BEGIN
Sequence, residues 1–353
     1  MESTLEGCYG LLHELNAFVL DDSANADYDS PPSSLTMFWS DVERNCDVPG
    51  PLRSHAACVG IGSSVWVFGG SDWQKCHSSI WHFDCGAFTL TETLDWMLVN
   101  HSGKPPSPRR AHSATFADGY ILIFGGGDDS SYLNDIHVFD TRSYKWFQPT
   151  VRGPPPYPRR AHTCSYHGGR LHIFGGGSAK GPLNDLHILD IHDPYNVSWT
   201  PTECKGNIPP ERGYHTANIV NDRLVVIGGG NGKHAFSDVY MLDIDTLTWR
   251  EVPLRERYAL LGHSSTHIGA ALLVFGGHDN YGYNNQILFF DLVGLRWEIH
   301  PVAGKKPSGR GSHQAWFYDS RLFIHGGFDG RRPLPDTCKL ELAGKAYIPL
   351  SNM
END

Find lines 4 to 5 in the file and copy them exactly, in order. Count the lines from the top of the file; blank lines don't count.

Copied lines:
   101  HSGKPPSPRR AHSATFADGY ILIFGGGDDS SYLNDIHVFD TRSYKWFQPT
   151  VRGPPPYPRR AHTCSYHGGR LHIFGGGSAK GPLNDLHILD IHDPYNVSWT